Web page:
They Said It Was Important To Balance The State Budget With Tax Increases, So This Is What You Get…

You get the highest sales taxes in the country, the most complicated set of exemptions and non-exemptions imaginable, absolute chaos as people who’ve never had to account for sales taxes are now required to collect them and the prospect of lawsuits galore.

The people of Louisiana will now have their lives turned over in order to prop up a state government that royally sucks at just about everything it does. Welcome to the John Bel Edwards Years.

What happens when you rank last in something and you make it even worse?

Welcome to Louisiana’s sales tax system.

It ranked 50th among the 50 states, according to the Tax Foundation, a pro-business Washington, D.C.-based think tank whose tax and budget rankings are frequently cited by state legislators.

Louisiana ranked last before the state Legislature passed two measures during the just-completed special session that, everybody agrees, made the sales tax system even worse.

“They would rank us 70th if they could, maybe 80th,” said Rep. Julie Stokes, R-Kenner, probably the Legislature’s most knowledgeable member on tax issues.

The two measures were Acts 25 and 26. Act 25 was the bill which “cleaned” the pennies of the existing state sales tax, and Act 26 added a “clean” penny to it. A “clean” penny of sales tax is one which doesn’t have exemptions to it. Which, of course, isn’t exactly true; there are still exemptions even to a “clean” penny.

Make sense to you? Sure it does.

Stokes noted that the new laws keep sales tax breaks for materials used in the production of crawfish and catfish but not for purchases and supplies used by commercial fishermen.

“There’s no reason why some things have been chosen to be exempt and other things not,” Stokes said.

The state Department of Revenue has been doing its best to explain the changes from the two bills. On Monday, the agency released a 26-page matrix listing the new sales tax rate item by item during three different periods: April 1 to June 30 this year; July 1 to June 30, 2018; and July 1 to March 30, 2019.

On Wednesday, revenue officials released a revised version of the 26-page matrix. Now it’s only 25 pages.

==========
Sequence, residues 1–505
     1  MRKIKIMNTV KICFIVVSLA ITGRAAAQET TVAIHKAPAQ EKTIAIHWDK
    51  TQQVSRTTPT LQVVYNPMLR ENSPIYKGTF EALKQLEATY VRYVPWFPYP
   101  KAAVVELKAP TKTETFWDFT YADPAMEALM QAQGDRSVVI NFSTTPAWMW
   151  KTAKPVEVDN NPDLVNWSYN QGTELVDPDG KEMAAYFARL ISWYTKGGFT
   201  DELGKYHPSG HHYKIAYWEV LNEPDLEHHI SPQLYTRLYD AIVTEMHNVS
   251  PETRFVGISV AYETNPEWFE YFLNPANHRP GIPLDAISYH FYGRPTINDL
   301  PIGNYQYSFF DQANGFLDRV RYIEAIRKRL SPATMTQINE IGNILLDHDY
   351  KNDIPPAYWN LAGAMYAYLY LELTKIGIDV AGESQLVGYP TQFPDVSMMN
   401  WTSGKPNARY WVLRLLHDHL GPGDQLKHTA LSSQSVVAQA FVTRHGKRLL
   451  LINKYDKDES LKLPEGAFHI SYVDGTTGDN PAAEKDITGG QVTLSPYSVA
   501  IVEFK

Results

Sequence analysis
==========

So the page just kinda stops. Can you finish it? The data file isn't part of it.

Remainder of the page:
“We updated it based on the questions that were raised, to clarify things,” Kimberly Robinson, the revenue secretary, said in an interview, declining to take the bait offered by a reporter to criticize lawmakers’ handiwork. “We are attempting to answer the questions that have come up as a result of the changes.”

Like, for example, non-profit groups with memberships they charge dues for. Those are now subject to sales tax.

And high school football tickets, which will now be subject to sales tax. So, it appears, will church bake sales.

None of those groups are going to have a clue how to process sales taxes, you would imagine,so now they have to take on the added cost of hiring accountants, buying software, etc. Which means less resources available to fulfill the mission churches, schools and other non-profit endeavors were founded for.

More bureaucracy. More paperwork. More time and money spent to feed the $26 billion beast.

Can Louisiana impose sales taxes on tax-exempt organizations? Maybe. We will unquestionably find out when the courts litigate the question, which is going to happen almost immediately, and don’t be surprised when Louisiana’s new attorney general, asked for opinions on the question, is on a different side than the governor is.

And don’t be surprised when the anticipated revenues from all these new taxes fall short – both because the people being asked to collect sales taxes won’t have the facilities to do so and because they slow the state’s economy down. After all, when you tax something you get less of it.

Know what we’ll get less of? The industrial expansion that Louisiana is in the midst of. We might be closer to the end of that expansion than we think.

Business organizations say the imposition of new sales taxes on companies’ utilities and manufacturing equipment purchases could be impediments to business growth and economic development efforts in Louisiana. Those tax increases are expected to heavily hit the manufacturing sector, particularly the chemical manufacturing industry.

Dan Borne, president of the Louisiana Chemical Association, said he didn’t have estimates about the short-term impact of the tax hikes. But he said the numbers would be “huge.”

“These companies spend tons and tons of money on machinery and equipment. If $2 billion is spent on an ethylene plant, and you’ve got to pay 2 percent tax on half of that, you can see how that would add up pretty quick,” Borne said.

“How many of these investments are going to be slowed down because of that? I don’t know,” he said.

The sales tax increase was probably unavoidable given the size of the state’s midyear budget deficit and the slowdown in oil prices. Even so, there has been scant attention paid to the level of sacrifice Louisiana’s public sector is now demanding of its people in order to run one of the most expensive state and local government structures (per capita) in the country.

Louisiana’s people should rightly be asking what we’re getting for our money, and why it is that we should hold this leviathan as so precious.

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